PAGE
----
I have this not-so-secret desire to learn close up magic and anytime I read a story or watch a movie about magic I consider purchasing one of those starter kits and learning a couple of coin manipulation and card passes. That’s pretty much the only reason I decided to check out Cloaks #1 by Caleb Monroe and Mariano Navarro with David Henrie (the geeky older brother from Wizards of Waverly Place) credited as its creator. I thought it’d be able to scratch my magic itch until the last of Lev Grossman’s Magicians series arrives at my local library. For the most part, Cloaks doesn’t cut it in the manner I hoped it would, at least not yet. Cloaks follows Adam D’Aquino, a young street illusionist who performs as the masked The Kid at random NYC locales and has a huge social media following and persona akin to street artist Banksy. When not making bull statues disappear in front of large audiences, Adam steals from the corrupt and wealthy to help fund the orphanage he formerly stayed at ala Robin Hood.
The premiere issue starts at the funeral of Adam’s magic instructor and father figure John Blackstone where we’re also introduced to his adoptive brother Will who returns later in the issue. From there on, the issue sees a day in the life of Adam four years later (he looks about 16, but he’s probably at least 18) going to a performance in the street where he meets a tourist named Evy hoping to catch one of the Kid’s shows only to be surprised when Adam puts on his The Kid disguise. The last few pages of this issue setup the rest of the series as Adam is captured by the titular Cloaks organization, facing either jail time or the option of aiding them.
I could see Cloaks becoming a noteworthy comic with some time for Monroe to refine Adam’s personality, and make him more than just a benevolent bad boy. So far we don’t know much about him other than that he’s lost his biological parents, smirks quite often, looks a hell of a lot like Tim Drake, and busts out some new skill every couple of pages in addition to the whole magician thing.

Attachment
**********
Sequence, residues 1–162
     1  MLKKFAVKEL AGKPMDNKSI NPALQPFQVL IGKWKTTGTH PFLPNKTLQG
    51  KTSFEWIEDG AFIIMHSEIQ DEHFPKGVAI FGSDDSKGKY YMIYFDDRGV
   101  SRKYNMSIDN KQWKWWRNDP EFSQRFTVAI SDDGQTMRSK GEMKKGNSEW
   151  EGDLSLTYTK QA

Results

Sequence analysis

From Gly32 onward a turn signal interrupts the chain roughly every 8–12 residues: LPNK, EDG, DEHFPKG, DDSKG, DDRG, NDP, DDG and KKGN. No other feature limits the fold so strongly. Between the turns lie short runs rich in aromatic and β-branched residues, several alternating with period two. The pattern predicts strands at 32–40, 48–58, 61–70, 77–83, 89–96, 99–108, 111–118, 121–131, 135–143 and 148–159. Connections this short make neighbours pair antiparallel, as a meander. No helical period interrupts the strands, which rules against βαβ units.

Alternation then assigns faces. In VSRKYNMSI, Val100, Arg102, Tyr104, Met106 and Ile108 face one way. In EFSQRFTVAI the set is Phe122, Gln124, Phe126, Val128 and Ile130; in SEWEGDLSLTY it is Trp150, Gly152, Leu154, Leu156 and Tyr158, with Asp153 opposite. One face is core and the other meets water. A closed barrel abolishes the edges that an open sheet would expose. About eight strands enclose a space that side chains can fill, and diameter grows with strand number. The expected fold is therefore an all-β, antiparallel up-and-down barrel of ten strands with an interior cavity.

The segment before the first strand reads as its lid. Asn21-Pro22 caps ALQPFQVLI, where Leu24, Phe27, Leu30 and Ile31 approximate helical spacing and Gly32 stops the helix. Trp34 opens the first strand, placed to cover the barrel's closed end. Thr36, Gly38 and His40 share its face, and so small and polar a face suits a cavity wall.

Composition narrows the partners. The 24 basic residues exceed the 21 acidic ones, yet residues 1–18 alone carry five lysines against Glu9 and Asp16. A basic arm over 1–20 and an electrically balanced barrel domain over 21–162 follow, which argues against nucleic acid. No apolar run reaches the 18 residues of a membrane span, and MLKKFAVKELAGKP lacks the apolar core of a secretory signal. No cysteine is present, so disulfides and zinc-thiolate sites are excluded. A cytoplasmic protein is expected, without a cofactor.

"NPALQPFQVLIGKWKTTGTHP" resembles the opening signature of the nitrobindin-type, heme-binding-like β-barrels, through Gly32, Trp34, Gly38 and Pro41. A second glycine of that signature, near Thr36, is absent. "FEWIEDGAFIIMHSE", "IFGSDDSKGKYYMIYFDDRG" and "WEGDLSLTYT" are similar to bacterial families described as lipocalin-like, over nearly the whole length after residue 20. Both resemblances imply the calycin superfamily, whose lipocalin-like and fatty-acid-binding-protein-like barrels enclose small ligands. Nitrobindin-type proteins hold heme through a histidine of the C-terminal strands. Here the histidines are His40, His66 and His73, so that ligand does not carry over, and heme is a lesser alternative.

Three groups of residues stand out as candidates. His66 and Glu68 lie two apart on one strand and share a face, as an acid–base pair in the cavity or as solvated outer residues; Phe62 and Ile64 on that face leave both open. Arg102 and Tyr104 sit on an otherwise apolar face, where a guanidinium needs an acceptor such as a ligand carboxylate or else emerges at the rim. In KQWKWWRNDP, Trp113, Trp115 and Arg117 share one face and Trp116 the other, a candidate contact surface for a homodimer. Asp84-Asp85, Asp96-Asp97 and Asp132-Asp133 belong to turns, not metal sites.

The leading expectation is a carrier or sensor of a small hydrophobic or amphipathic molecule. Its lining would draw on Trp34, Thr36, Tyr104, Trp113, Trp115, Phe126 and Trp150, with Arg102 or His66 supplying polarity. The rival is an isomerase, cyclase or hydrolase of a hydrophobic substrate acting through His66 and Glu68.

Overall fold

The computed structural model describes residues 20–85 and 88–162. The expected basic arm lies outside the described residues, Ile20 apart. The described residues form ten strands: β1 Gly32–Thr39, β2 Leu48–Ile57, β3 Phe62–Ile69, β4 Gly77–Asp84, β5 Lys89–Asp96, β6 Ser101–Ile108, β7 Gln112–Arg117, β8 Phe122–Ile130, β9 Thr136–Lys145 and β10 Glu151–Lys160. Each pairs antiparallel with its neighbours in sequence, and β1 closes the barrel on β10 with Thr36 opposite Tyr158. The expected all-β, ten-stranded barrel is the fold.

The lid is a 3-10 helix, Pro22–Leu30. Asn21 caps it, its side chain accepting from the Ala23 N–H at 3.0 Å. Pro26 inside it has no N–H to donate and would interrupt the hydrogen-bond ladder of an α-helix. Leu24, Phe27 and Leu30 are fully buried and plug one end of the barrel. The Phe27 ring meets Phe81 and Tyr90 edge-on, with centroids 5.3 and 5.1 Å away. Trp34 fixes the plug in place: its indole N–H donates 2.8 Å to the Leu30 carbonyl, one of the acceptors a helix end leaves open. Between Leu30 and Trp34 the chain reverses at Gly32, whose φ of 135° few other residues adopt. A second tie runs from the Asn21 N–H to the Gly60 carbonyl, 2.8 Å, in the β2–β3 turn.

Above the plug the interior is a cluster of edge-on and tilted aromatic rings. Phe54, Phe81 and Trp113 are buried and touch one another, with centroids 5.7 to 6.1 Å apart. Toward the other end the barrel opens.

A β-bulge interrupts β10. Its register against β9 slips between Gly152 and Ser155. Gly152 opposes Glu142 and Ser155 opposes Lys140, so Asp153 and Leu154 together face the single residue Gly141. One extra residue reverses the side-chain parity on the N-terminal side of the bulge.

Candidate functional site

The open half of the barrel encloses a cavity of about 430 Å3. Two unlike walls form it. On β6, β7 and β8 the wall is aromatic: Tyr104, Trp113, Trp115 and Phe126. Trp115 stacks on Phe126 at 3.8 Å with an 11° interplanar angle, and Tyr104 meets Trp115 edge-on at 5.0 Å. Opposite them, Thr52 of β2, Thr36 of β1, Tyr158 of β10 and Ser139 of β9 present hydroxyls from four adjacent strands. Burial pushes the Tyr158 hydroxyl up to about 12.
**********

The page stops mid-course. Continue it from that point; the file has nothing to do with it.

Monroe also does himself an injustice by introducing a whole slew of characters that seem to be important to Adam, but that we only see for a page or two. I had to read the issue twice before recognizing that Will reappears years later to assist Adam, a goatee aging him far beyond a mere four years as well as appearing in just one panel of the latter half of the issue. It also doesn’t help that most of the dialogue exists merely to deliver exposition, or to let us know just how cool Adam is to everyone but the reader. I was disappointed that the writers didn’t feel that creating illusions wasn’t sufficient enough for a skill set, and decided that Adam needed to do parkour and martial arts.
Mariano Navarro’s art is pretty by the books stuff, and I was left a little flustered by how he chose to illustrate Adam’s illusions. Rather than letting us view them from Adam’s perspective to gain some insight into his craft, Navarro simply sets up the illusion and then skips to the end result. Because of this I was never impressed by what Adam is able to accomplish since his feats seem more a trick of editing on the part of Navarro than any sort of real consideration of each illusion’s feasibility.
The end page shouldn’t come to a surprise to anyone, but since my library probably won’t be getting The Magician’s Land for another month I’ll check in next issue to see if things pick up once Adam officially the Cloaks organization. Here’s hoping he doesn’t end up acquiring super strength.
Writer: Caleb Monroe Artist: Mariano Navarro Publisher: BOOM! Studios Price: $3.99 Release Date: 9/3/14 Format: Mini-Series; Print/Digital